In this article, we have compiled important information about how to overcome morning sickness. We also talked about the foods that you can eat to relieve yourself.
Many women suffer from morning sickness. When trying to understand it, it helps to know: where does morning sickness come from, why must we endure it, and how can we make it go away?
Sherri J. Tenpenny, D.O. (Doctor of Osteopathic Medicine), is the director and founder of Osteomed II, a Cleveland, Ohio clinic established for traditional, complementary and preventative medicine. She says morning sickness is caused by the sudden increases or changes in hormone levels. “It’s common in first trimester because your body is doing a lot of changes,” says Dr Tenpenny. “By that time the rapid changes have leveled out (usually at the beginning of the second trimester), you’ve gotten more used to the changes.”
Diet is the best tool to minimize discomfort, she says. Perhaps the simplest techniques are frequent snacking and drinking lots of water. Many women find small doses of bland foods to be helpful. Suggestions include crackers (especially whole grain), soup or chicken broth. Dr Tenpenny even suggests an almond butter that is available at most health food stores.
It helps to avoid rich and fatty foods because they are harder to digest, says Dr Tenpenny. Likewise, caffeinated beverages can further irritate nausea. Herbal teas like peppermint and ginger can be calming in reasonable and small doses, she suggests, but cautions women to avoid other herbs that may have unknown side effects.
Getting Your Vitamins
While prenatal vitamins have their pros and cons, an additional supplement of vitamin B6 and magnesium might also be helpful. If vitamins are making you feel icky, Dr Tenpenny suggests taking them with food in the middle of the day.
While some healthcare providers frown on the practice, my obstetrician says I can replace the iron-heavy prenatal vitamins with regular vitamins and a diet rich in iron. (Did you know that Grapenuts cereal served with raisins has nearly 50 percent of the daily recommended dose of iron?) Prenatal vitamins made me so sick that my nutrition suffered. With regular multivitamins, I eat a balanced diet, which my doctor considers healthier for mom and baby. Though this works for me, consult your healthcare provider before trying it.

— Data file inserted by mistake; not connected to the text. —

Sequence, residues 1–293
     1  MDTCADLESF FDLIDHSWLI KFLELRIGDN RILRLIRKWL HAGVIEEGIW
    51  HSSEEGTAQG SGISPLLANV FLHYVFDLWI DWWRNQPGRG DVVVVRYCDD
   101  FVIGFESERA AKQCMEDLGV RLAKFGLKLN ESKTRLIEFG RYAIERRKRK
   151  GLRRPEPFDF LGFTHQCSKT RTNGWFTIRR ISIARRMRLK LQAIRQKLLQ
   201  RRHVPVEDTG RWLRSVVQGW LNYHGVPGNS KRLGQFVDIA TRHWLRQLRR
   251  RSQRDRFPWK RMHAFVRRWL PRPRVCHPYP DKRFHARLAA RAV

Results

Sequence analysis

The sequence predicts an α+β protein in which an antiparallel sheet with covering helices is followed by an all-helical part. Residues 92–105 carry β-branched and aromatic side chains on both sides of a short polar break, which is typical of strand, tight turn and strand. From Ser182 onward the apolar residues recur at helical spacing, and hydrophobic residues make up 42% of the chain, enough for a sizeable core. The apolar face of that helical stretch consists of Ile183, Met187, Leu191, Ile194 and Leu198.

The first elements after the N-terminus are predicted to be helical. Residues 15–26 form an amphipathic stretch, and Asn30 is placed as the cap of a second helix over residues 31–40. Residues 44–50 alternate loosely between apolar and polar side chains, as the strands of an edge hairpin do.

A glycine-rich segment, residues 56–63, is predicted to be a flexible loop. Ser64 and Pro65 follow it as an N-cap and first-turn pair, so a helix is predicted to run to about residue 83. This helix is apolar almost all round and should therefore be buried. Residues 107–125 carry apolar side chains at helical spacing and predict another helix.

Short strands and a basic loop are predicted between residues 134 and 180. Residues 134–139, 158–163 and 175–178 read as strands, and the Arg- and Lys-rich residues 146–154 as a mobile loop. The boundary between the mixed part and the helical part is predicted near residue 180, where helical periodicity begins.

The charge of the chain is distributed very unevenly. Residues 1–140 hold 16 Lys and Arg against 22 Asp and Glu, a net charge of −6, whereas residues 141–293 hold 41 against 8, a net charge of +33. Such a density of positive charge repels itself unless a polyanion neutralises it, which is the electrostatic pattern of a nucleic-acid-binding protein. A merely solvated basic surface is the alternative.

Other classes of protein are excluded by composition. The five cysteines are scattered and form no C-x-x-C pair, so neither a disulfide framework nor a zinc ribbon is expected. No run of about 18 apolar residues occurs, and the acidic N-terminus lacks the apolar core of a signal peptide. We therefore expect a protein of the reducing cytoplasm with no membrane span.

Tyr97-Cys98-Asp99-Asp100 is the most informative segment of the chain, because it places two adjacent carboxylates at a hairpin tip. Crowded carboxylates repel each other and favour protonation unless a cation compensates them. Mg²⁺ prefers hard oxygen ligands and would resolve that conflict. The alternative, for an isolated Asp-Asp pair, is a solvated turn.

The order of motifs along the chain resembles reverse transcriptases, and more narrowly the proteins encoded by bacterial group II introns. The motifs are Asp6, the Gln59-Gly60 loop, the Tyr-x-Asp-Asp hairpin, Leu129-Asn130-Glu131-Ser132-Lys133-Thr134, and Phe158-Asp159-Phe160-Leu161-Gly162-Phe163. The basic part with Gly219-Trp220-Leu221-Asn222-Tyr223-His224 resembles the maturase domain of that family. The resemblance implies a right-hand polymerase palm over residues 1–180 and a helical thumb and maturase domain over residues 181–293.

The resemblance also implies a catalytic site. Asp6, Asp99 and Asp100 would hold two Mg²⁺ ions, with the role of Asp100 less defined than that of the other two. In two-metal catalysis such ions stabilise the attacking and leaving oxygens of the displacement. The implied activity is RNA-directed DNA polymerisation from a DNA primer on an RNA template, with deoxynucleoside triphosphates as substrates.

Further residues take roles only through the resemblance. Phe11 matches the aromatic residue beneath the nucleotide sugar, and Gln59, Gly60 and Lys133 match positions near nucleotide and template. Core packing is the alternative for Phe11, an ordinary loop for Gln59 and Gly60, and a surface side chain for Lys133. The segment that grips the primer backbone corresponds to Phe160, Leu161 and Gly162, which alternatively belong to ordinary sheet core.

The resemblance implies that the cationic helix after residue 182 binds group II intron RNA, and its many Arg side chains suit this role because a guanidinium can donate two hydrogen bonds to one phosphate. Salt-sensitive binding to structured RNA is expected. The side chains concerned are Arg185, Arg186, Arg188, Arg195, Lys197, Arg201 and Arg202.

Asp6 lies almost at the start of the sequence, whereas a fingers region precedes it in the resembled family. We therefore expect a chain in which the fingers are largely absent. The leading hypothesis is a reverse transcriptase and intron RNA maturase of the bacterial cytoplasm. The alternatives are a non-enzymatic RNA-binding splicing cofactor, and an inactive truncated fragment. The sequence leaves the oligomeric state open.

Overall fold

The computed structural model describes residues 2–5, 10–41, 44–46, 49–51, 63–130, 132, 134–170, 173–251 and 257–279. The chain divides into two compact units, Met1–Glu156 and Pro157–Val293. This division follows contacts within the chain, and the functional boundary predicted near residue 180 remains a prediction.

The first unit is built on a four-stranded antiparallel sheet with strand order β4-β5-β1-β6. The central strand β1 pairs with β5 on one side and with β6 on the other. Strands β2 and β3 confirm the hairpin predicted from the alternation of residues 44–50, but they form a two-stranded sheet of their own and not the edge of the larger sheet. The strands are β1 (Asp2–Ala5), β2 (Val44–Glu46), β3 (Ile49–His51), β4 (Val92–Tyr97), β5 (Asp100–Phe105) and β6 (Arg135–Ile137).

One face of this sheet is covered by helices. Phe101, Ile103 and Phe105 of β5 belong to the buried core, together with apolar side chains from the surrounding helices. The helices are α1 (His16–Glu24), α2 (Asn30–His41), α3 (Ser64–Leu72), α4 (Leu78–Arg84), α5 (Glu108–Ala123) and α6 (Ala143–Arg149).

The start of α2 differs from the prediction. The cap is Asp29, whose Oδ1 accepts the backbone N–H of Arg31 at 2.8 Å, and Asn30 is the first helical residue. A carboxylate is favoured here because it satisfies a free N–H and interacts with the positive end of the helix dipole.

Learn From Moms Who Have Been There
While medical experts have good, solid advice to offer, some of the best tips for beating the burden of trimester one come from the voices of experience. Their solutions don’t always make sense to the medical community, but many moms cling to them for comfort.
Some of these tips aren’t found in books because most people don’t want to talk about the unpleasant side of pregnancy. But the moms I know say you might as well face reality: If your morning sickness means throwing up, eat foods that don’t hurt on the return trip – and be sure to chew everything thoroughly. For obvious reasons, avoid stringy foods like spaghetti. Also carry plastic (not see-through) “barf bags” and plenty breath mints with you to minimize the inevitable inconveniences.
Nicola C. Pons of New Market, Alabama, creates variations on standard medical information and finds a lot of help from common sense solutions shared by experienced moms. “I hated crackers while I was especially barfy,” she says. “I did better eating whole wheat bread instead. I ate foods high in proteins and carbohydrates and avoided sweets, which increased the nausea.”
Many pregnant women crave sour or bitter tastes like lemon or vinegar. While Pons was eating bread, Heather Foster in Fort St. John, B.C., Canada, was chowing on pretzels, sour candies and slightly unripe fruit. She even resorted to sucking a lemon wedge if the craving for sour tastes became overwhelming. Dr Tenpenny says this makes sense, because sour and bitter foods are both “neutralizers” that help balance your system. In my case, I couldn’t stomach a friend’s suggestion to drink some white vinegar, but I was able to pour myself a shot glass full of balsamic vinegar and took small sips of the bitter liquid. The fruity Italian vinegar was actually palatable – in fact, some native Italians actually sip the stuff as an aperitif.
But making careful eating choices isn’t the only sickness management technique. Foster also avoided strong smells that triggered nausea, and I avoided touching raw meat because the smell and appearance made me queasy. Therefore, my family becomes vegetarian, gets take-out, or someone else cooks when I’m in the first trimester.
My purse always contains peanut butter crackers and bottled water so I can snack before all-day sickness strikes. Sometimes, I even munch on them at a restaurant while I’m waiting for food to arrive. I stocked my nightstand with pretzels so I can quell any 3:00 am nausea attacks. Before I even get out of bed, I eat a few pretzels. (Because I have a one-year-old, I always have to carry enough snacks to share!)
Finally, don’t forget liquids. It’s important that you keep hydrated, both for your health as well as for the baby’s. To keep her fluid intake high when she was pregnant with 2-year-old Joey, Pons’s diet included ice chips, Gatorade, 7-Up, icy fruit pops and bouillon soup. She also found it soothing to use a cool washcloth to bathe her face, neck, the inside of her wrists and elbows.
I hope some of these suggestions will help you. Keep in mind that everyone is different, and so what worked for me, your best friend or a co-worker may not help you, and vice versa. Experiment, and do remember that in most cases, nausea clears up early in the second trimester. Try to take it one day at a time, and know that this sickness will soon be only a memory – and far overshadowed by much more joyous events.